Thirty one years ago, I was present during the birth of the son of a friend and his wife. It was in a hospital, but the room was informal with soft music playing. The father was there during the birth, including helping his son from the mother’s body. There was a midwife who involved the father to the point that he basically delivered his son. No complications.
But it was reassuring to know that had there been need for medical intervention, it was close by.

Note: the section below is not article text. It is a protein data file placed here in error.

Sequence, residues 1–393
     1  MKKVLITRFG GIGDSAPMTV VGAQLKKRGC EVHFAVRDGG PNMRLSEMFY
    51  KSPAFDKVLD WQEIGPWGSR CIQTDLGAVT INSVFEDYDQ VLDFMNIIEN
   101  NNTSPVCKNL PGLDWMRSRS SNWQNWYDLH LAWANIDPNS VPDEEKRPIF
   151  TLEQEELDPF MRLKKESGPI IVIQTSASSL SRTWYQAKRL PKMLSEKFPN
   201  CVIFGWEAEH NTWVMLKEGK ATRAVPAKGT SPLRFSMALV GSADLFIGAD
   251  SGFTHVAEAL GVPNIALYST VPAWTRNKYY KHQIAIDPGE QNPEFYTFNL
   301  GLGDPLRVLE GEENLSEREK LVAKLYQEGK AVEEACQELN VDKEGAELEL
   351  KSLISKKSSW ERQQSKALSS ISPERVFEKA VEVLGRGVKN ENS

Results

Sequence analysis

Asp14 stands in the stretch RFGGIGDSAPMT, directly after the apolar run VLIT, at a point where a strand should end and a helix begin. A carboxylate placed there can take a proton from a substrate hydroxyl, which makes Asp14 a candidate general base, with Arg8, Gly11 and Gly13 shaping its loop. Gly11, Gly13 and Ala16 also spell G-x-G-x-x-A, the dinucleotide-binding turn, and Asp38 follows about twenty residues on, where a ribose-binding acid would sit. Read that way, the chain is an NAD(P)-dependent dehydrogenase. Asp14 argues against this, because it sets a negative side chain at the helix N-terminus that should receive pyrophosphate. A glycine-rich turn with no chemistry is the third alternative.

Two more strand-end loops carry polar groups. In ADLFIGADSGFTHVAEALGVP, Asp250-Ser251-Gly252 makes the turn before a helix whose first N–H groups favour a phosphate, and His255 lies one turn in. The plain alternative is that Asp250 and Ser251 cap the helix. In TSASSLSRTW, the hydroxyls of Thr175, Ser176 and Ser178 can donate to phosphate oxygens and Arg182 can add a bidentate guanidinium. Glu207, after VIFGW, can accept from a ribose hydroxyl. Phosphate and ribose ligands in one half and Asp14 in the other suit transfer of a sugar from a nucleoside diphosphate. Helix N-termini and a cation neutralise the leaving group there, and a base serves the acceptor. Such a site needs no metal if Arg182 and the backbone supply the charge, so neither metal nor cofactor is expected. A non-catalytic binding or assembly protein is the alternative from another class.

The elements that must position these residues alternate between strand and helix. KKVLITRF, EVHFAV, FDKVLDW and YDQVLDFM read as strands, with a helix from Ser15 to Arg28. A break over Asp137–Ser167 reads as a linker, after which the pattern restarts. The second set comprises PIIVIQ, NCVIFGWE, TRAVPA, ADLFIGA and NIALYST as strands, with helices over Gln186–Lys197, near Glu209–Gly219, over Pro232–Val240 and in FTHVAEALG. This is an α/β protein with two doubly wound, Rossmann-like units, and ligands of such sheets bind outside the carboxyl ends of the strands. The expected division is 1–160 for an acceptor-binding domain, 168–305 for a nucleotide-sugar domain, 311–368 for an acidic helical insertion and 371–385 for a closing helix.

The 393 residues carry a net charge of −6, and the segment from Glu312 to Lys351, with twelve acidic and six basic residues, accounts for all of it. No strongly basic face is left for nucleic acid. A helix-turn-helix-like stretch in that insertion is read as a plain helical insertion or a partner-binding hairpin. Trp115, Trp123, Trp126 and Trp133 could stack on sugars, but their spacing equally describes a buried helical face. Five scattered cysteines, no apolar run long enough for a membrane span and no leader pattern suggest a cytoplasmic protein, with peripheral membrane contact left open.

It was unforgettable.
Several years after that, another friend and his wife had a home birth. Their baby boy was delivered by a midwife. After she left, their son was lying on his mother’s chest, and she noticed he was not breathing. His father, in a panic, tried to resuscitate, but their baby was dead.
I later told a doctor about it. He said that he is not opposed to natural childbirth with midwives. He also said that as a doctor, following the birth, “I want to have a look at that baby.” He described several symptoms he’d check for, including breathing patterns.
Perhaps the baby who died would not have been able to be saved even if a doctor had seen him.